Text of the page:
In the early Middle Ages, driven by famine at home and thepromise of wealth to be had in other lands, the Viking people explodedout of Scandinavia and set about conquering parts of England, Ireland,France, Russia, and even Turkey. Emboldened by their successes, theVikings pushed ever farther outward, eventually crossing the NorthAtlantic and founding settlements in Iceland, Greenland, and easternCanada.

In The Vikings: The North Atlantic Saga, some three dozenscholars examine the growing archaeological evidence of the Vikingpresence in the New World--including such items as a Norse coinexcavated in Maine, runic stones from the Canadian Arctic, and farmingimplements found in Newfoundland. The contributors consider thesometimes friendly, sometimes warlike history of Viking interactionswith the native peoples of northeastern North America (whom the Norsecalled skraelings, or "screamers"); compare the archaeologicalrecord with contemporary sagas and other records of exploration; andargue for the need to better document the Viking contribution to NewWorld history.

"As an historical and cultural achievement," write the editors, "theViking Age and its North American medieval extension stand out as oneof the most remarkable periods in human history." This oversized,heavily illustrated volume celebrates that little-understoodtime. --Gregory McNamee ... Read more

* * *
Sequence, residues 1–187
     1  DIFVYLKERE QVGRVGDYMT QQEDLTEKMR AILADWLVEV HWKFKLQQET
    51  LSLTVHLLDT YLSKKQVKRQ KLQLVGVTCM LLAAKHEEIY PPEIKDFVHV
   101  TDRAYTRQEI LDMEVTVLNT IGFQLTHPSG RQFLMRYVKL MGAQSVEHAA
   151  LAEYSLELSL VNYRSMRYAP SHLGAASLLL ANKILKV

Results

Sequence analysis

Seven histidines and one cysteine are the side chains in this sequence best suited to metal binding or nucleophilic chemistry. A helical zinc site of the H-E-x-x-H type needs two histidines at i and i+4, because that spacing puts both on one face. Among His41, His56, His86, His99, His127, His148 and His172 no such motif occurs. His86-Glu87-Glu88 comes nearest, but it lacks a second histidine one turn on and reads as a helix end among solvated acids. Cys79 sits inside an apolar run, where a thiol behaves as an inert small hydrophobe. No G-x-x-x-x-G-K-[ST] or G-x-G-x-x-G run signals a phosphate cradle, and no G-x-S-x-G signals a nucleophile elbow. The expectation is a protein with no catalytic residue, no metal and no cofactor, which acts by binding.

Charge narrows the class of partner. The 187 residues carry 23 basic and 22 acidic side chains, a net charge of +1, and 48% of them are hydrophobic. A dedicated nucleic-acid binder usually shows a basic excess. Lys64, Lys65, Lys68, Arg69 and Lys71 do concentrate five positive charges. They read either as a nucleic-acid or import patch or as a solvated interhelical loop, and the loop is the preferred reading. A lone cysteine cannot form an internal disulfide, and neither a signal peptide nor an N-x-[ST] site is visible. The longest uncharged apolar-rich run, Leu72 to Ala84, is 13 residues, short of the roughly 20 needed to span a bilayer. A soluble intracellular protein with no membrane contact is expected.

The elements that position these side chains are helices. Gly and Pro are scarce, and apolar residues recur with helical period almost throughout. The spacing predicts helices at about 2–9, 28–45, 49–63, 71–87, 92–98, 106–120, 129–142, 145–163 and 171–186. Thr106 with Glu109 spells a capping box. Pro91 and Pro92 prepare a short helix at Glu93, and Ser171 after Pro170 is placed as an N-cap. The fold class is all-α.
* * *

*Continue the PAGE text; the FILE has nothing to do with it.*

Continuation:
Customer Reviews (11)

5-0 out of 5 stars A wealth of info on the medieval Norse reach across the ocean
This sumptuous and lavishly illustrated volume of 432 large pages, was published by the Smithsonian Institution in 2000 to coincide with the thousandth year, as close as we can reckon, of Leif Erikson's pioneering voyage to North America where he founded an outpost in "Vinland" that was used by subsequent expeditions until finally being abandoned after several skirmishes with the native inhabitants -- this according to the two pertinent surviving sagas.